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    Little Kingdoms

    Preface: the slideshow for the gallery seems to display only part of the scanned pages, for the full text click here

    Steven Millhauser’s Little Kingdoms, first published in 1993, is a compilation of three novellas or short stories.  I’ve scanned excerpts from two of them:  The Little Kingdom of J. Franklin Payne, and The Princess, the Dwarf, and the Dungeon.  As in his novel Martin Dressler, Millhauser brings the reader back to Progressive and early Roaring Twenties-Era New York.  Millhauser is a master of describing the characteristics of an object and how it functions, which makes his incorporation of imaginative scenarios all the more believable. The Little Kingdom of J. Franklin Payne, is a heart-wrenching story which follows the life of a passionate and skilled comic strip artist and animator who is exhaustively pouring his energy into the then-new frontier of animation while he contends with grave family matters.  In the scanned pages you will find marvelous descriptions of the fantastical and magical animated films John Payne has created – drawing each frame by hand, working four to six hours a night after he gets back from his day job.  The Princess, the Dwarf, and the Dungeon is yet another heart-rendering story which weaves the dark elements of human nature – suspicion, jealously, lust, vengeance – into a fairytale-world of castles, dwarves, and princesses.  Millhauser is a master of empathy.  He is a like an expert psychologist who can enter the mind of any character and lay-out their internal reasoning with incredible persuasion.  One of my favorite passages in the story is this:  Her look, like that of someone frightened in the dark, made the prince taste the full horror of his moral fall, even as it sharpened the sting of his suspicion. 


    Dangerous Laughter - The Tower

              The book Dangerous Laughter is a complication of thirteen short stories by Steven Millhauser.   Four of the most extraordinarily imaginative short stories contained in the book are:  Cat N’ Mouse, The Dome, In the Reign of Harad IV, and The Tower.  Scanned below is The Tower, which runs neck and neck with Saki’s The Interlopers as the best short story I’ve ever read.   Like many of his stories, it contains no dialogue or main characters, but is a captivating depiction of the gradual evolution of a structure. Millhauser’s prose is perfect – not a word goes to waste – and the concepts outlined in his Impossible Architectures section ease reader into a realm of beauty and magic.   Try not to die without reading these stories.  (Right-click on the images to view them in full.)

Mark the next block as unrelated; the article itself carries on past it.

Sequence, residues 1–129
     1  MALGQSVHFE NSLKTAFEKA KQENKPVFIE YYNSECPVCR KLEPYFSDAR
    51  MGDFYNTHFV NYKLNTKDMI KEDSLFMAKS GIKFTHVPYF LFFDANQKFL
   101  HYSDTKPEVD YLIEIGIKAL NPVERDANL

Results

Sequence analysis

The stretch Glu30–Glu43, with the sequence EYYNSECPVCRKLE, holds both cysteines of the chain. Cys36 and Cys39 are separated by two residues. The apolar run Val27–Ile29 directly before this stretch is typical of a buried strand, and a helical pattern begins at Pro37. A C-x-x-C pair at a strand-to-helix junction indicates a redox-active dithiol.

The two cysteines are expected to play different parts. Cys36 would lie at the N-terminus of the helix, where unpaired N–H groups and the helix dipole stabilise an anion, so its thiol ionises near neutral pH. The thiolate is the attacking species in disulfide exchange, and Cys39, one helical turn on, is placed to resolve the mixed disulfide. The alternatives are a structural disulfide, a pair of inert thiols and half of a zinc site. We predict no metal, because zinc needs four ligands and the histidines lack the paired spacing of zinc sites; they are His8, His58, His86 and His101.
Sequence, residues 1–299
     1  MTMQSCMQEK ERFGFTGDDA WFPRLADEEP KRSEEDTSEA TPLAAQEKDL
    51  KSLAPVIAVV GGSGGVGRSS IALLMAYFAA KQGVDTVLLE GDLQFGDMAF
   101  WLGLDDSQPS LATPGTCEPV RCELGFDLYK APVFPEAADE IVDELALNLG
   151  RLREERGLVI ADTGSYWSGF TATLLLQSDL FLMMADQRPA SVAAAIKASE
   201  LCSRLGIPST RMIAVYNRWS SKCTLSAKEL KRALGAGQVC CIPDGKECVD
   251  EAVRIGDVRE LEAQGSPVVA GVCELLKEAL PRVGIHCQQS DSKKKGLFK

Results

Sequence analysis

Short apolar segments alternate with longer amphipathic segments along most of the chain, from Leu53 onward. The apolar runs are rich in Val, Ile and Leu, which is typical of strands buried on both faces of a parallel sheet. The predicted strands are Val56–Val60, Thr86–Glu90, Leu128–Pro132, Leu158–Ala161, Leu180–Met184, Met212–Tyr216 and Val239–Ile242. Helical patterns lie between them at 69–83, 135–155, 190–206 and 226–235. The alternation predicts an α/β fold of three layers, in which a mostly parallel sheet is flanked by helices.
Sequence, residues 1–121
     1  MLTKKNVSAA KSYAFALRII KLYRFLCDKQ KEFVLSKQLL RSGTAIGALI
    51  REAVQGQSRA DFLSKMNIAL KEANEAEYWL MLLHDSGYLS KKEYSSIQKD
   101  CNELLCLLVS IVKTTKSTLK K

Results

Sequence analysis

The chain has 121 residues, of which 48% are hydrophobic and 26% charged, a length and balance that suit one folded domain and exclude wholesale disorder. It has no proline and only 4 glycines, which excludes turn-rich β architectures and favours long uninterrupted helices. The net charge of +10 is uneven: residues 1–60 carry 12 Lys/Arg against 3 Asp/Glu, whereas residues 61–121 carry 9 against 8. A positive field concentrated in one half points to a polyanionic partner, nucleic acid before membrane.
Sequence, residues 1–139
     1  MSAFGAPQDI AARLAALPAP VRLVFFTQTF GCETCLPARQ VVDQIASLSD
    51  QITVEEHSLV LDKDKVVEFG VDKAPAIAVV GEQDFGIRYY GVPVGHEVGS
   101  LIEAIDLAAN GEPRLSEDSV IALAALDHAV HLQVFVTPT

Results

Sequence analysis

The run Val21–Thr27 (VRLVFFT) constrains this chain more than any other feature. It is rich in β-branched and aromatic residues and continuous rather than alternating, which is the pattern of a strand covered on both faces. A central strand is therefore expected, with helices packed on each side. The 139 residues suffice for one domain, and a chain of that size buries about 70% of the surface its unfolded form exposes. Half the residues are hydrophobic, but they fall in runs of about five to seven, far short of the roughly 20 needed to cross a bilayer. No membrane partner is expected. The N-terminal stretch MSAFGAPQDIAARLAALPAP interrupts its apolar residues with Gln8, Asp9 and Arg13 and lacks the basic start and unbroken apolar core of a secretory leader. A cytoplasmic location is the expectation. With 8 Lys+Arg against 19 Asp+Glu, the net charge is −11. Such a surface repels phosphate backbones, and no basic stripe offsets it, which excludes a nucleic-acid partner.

The Revenant - Historical Note

        The slideshow below features the afterward of Michael Punke's novel The Revenant, which was just released as a movie.  Both are great and you need not be concerned about spoiling the book for yourself by watching the movie first because they are significantly different.   The afterward looks at the true life of Hugh Glass and his relationship to the other characters and events in the fictionalized novel, the title of which means a person who has returned, especially supposedly from the dead.



    Slaughterhouse-Five and the War in Afghanistan 

          Without consulting Congress or the American public, President Obama played his favorite game and quietly backed out on his word to scale-down U.S combat missions in Afghanistan.  Last Friday, Obama signed a classified order which extends the role of U.S troops fighting obscure enemies and increases the bombing and drone campaign in America’s longest war.  This comes at a time when a new report from the human rights group Reprieve finds that U.S drones strikes kill twenty-eight unidentified people for every intended target.  The grave inaccuracy of these “targeted strikes,” – championed by the current administration and military – are part of the reason why terrorists attacks are increasingly common in foreign lands occupied by the United States and serve to generate severe distrust and hatred for Americans here and abroad.  That the United States is choosing to increase such attacks speaks to the incompetence of our government and its lack of imagination when it comes to devising a path toward peace in the Middle East.